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Sex, lies and, er, rape

A recent conviction in the ACT makes rapists of us all

28 February 2015

9:00 AM

28 February 2015

9:00 AM

Wait — it’s now a crime to fib your way into bed with someone? That is the take-home message of the Kafkaesque case of Akis Emmanouel Livas, who recently was sentenced to eight months in prison by the ACT Supreme Court for having sex with a prostitute and then handing her an envelope that he said contained cash but which didn’t.

He’s been banged up for having sex without consent, for rape, effectively. Not for forcing someone into sex or using threats to get sex, but for telling a lie before sex. The precedent set by this case is terrifying. Show me someone who hasn’t at some point in their life said something less than totally true in the pursuit of sex, and I’ll show you a liar. We are all rapists if using fabrication or bravado to get laid is now rape.

There is no doubt that Livas, 52, is a slimeball with all the moral depth of a dingo. His lie-covered sexual encounter with the prostitute took place in October 2010, in Canberra. He first had sex with her at the beginning of that month. He was $50 short of the whole fee and promised to make up for it at their next get-together. But he didn’t, the rotter. Instead, after the second sex act at the end of the month, he handed the prostitute an envelope which he claimed contained $850 — the agreed fee plus the $50 he owed — and said, ‘Don’t open it now… it’s part of my fantasy that it’s all about the romance’. You can guess why he really didn’t want her to open it — yep, nothing to do with some weird romance fantasy and everything to do with the fact that the envelope contained not a red cent. Its contents were a paper bag folded up to resemble a wad of cash and a white card with a red rose printed on it. What a creep.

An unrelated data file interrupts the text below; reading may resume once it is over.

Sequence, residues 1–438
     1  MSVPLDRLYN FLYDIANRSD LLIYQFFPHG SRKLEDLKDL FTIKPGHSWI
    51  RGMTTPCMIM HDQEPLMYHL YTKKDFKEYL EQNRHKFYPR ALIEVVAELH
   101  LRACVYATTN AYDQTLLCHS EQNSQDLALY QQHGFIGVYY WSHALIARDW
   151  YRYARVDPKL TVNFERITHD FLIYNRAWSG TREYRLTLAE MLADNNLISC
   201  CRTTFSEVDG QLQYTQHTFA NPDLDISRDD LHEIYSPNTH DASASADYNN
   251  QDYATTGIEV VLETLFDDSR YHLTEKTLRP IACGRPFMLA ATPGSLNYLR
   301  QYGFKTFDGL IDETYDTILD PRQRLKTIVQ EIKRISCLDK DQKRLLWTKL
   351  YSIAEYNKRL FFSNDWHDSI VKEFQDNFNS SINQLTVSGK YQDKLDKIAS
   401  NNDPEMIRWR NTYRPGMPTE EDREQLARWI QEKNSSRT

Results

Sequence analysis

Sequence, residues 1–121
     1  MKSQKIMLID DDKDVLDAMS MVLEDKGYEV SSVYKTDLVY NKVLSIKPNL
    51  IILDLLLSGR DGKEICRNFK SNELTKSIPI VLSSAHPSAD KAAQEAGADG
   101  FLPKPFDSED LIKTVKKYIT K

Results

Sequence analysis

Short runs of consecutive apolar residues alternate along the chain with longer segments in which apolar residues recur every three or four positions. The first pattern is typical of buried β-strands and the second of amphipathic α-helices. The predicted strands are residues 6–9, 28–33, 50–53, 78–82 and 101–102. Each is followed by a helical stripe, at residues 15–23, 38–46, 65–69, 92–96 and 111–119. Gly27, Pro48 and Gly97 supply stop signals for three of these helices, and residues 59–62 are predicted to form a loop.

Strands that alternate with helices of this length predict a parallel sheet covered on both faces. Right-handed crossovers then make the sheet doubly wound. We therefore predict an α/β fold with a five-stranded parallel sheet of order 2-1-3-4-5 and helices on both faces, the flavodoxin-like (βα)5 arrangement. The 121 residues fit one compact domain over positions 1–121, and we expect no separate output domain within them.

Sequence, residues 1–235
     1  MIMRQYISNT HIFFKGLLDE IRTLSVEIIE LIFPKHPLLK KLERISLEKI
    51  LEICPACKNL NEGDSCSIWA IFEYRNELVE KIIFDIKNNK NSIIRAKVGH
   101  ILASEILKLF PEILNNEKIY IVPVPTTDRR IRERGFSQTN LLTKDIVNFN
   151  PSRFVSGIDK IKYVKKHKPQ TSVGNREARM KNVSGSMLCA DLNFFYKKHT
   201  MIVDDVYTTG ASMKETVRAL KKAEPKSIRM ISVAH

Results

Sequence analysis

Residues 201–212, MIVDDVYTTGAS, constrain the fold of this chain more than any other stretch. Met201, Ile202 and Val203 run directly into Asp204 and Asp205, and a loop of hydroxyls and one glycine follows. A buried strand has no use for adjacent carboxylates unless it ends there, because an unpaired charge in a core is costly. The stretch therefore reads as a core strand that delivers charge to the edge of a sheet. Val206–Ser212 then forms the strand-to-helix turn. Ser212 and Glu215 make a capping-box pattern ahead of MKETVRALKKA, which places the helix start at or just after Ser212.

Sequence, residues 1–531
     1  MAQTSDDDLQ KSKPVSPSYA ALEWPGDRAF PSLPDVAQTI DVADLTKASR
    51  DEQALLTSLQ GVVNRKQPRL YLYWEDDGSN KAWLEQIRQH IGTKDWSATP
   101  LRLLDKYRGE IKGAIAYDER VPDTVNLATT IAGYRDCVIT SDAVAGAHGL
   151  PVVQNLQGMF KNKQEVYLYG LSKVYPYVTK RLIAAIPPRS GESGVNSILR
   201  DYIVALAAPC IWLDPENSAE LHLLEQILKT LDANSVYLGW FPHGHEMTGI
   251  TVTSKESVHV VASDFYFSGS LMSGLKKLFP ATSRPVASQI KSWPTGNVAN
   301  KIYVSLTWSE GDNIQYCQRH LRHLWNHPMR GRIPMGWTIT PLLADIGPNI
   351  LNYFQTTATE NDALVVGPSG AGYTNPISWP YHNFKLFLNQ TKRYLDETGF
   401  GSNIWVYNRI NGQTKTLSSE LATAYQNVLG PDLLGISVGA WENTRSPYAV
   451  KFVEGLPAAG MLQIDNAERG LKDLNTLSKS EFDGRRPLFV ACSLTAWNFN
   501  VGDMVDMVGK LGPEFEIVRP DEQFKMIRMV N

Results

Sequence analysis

So yes, Livas is a loser, a john, and a cheapskate, who has to trick hookers into turning tricks presumably because he can’t get a girl of his own. What’s worse, after he was arrested in 2010 he did a runner, only to be discovered by cops at his mum’s house in 2013 (dude, you’re 52 years old — get a room). But is he a rapist? I don’t think so. I think he’s suffered a miscarriage of justice. Because the fact is, the prostitute consented to have sex with him — she just didn’t know all the facts in advance.

The prostitute says that when she opened the cashless envelope, she felt ‘internally violated’. I have no doubt this is true. She was hoodwinked, taken advantage of; that is repulsive. But she also says: ‘I am a rape victim.’ This, I’m afraid, I do doubt. If sex entered into willingly can become rape later on, after some new fact comes to light, then who can say, hand on heart, that they’ve never raped someone?


What about the student who gets a girl into bed by claiming to come from a rich family when in fact he doesn’t have two cents to rub together? Rapist?

How about the man who tells a woman he loves her when really he only loves her body and wants to ravish it? Rapist?